Is red light running worth the cost?

Time To Stop Red Light Running

August 2 – 8 is Stop On Red week and it’s a good time to stop and think about the costs of red light running. The summer vacation period is drawing to a close, Labor Day is around the corner and within the next couple of weeks, children will be returning to school. It’s time to evaluate if the time saved running a red light is worth the cost.

According to the Insurance Institute for Highway Safety (IIHS) 697 people were killed and an estimated 127,000 were injured in red light running crashes in 2013. About half of the deaths in those crashes were pedestrians, cyclists, and occupants of other vehicles that were hit by red light runners.

An IIHS study of urban crashes showed that the most common type of urban crash (22 percent) involved drivers who ran red lights, stop signs or other traffic controls. Injuries occurred in 39 percent of the crashes caused by red light runners. Drivers are more likely to be injured in a red light running crash than in any other type of urban crash.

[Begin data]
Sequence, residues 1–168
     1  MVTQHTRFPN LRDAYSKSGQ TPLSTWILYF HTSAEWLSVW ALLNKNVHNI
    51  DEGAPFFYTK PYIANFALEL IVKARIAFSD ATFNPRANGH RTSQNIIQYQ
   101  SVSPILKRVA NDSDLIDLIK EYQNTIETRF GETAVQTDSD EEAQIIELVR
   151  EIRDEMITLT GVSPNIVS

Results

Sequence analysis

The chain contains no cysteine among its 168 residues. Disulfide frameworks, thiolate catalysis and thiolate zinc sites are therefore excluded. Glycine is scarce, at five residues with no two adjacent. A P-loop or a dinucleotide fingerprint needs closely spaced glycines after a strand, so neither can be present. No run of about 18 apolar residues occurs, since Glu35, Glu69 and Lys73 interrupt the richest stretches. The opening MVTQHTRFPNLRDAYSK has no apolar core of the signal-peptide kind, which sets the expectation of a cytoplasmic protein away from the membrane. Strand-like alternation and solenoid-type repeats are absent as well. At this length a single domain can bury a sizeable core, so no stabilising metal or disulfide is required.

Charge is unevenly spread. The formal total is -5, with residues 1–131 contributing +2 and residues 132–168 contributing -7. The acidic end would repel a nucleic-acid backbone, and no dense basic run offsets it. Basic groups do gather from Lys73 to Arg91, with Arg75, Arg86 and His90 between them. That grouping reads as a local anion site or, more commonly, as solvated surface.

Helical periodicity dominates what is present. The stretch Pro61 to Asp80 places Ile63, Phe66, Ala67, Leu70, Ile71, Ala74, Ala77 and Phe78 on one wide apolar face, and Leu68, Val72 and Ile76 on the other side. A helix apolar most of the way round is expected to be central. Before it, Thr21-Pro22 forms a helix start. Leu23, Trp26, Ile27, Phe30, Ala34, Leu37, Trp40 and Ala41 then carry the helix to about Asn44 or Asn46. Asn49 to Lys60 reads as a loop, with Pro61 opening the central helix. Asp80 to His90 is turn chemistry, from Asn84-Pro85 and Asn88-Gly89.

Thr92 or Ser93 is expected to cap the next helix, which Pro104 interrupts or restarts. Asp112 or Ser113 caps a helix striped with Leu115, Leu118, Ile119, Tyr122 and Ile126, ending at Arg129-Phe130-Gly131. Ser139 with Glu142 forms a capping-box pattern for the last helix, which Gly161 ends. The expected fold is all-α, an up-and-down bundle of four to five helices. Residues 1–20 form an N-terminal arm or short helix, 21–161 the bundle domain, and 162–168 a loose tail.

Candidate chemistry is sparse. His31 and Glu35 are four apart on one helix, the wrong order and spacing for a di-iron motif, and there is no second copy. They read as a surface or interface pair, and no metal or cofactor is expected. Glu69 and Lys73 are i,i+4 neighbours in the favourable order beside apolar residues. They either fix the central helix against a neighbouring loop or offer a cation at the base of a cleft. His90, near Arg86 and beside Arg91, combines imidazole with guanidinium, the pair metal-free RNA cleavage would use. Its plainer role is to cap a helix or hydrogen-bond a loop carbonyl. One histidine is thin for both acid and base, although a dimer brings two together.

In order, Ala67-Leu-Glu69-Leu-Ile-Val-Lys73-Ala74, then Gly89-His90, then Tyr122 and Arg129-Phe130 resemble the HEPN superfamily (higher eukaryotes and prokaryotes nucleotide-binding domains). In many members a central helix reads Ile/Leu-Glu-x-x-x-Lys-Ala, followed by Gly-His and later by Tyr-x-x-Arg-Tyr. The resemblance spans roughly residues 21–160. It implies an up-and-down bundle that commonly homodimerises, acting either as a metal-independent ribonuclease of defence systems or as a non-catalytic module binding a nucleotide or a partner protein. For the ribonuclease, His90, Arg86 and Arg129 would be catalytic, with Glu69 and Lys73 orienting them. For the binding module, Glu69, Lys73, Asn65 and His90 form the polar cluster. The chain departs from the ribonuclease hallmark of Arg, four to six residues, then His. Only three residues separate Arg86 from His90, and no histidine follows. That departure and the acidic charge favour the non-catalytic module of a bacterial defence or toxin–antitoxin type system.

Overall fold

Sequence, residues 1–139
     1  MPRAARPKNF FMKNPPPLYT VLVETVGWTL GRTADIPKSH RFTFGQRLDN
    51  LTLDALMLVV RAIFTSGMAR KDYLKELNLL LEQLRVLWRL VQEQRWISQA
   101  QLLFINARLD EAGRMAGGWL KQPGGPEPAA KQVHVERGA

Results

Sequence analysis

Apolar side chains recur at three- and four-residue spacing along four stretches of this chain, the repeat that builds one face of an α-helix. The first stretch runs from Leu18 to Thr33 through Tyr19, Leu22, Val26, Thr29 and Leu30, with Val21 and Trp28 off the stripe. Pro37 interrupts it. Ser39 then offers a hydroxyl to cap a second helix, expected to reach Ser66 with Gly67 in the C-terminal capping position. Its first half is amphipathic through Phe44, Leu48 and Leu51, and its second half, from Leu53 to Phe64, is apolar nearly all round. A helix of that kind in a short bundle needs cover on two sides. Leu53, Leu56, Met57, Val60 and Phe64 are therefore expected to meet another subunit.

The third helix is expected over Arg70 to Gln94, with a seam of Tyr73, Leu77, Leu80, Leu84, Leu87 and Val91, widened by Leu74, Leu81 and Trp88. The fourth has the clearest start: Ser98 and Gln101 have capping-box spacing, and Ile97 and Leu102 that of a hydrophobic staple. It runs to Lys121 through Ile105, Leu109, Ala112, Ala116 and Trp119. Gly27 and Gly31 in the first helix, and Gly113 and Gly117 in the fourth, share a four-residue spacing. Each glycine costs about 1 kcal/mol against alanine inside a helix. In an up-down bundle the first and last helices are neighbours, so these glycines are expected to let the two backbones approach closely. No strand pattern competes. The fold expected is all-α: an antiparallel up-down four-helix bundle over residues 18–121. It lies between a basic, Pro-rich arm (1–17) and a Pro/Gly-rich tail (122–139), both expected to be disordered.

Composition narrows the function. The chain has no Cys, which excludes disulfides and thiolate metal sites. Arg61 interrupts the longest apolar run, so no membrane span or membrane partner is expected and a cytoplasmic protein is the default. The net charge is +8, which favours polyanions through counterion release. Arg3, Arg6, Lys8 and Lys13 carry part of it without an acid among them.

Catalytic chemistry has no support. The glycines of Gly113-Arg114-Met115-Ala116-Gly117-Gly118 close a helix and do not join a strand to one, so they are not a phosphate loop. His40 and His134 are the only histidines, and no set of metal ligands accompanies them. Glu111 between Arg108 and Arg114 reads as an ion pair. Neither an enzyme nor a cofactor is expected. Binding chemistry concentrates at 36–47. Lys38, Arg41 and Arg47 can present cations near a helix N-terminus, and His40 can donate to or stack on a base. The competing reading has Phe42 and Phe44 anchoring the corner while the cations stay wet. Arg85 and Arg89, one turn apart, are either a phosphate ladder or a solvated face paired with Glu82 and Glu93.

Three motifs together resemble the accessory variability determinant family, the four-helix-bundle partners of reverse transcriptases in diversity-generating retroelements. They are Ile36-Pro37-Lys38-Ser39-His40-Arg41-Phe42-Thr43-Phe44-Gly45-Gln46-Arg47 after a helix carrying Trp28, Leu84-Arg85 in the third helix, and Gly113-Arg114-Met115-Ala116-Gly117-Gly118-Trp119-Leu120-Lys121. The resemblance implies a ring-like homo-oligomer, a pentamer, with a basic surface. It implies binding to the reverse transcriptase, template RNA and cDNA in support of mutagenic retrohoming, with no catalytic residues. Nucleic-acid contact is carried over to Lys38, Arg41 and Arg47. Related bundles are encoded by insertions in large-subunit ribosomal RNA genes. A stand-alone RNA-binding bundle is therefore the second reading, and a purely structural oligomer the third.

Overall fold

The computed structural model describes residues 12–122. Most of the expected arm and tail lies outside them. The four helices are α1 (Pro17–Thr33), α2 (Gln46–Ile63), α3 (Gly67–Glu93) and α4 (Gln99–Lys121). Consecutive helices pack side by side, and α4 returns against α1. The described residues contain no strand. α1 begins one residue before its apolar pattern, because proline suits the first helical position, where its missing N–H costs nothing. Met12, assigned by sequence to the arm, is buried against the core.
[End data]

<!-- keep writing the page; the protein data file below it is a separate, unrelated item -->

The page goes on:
Red light running has become an epidemic in the US. An IIHS study of 19 intersections without red light cameras in four states showed that drivers run red lights an average of 3.2 times per hour.

The National Coalition for Safer Roads (NCSR) conducted a study of red light running in the US and produced a list of the ten most dangerous cities for red light running. Those cities are:

  1. Houston, TX
  2. Phoenix, AZ
  3. Los Angeles, CA
  4. Las Vegas, NV
  5. Chicago, IL
  6. Miami, FL
  7. Dallas, TX
  8. Philadelphia, PA
  9. Tucson, AZ
  10. Denver, CO

If you want to know how bad the red light running problem is in your area, the NCSR has produced an interactive map that shows all the red light running deaths in the US between 2004 and 2013. You can choose a city to view or you can zoom in to your locality and see how many red light running deaths occurred where you live. To view the map, visit: Red-Light Running Fatality Map

To learn more, visit: Stop on Red Week 2015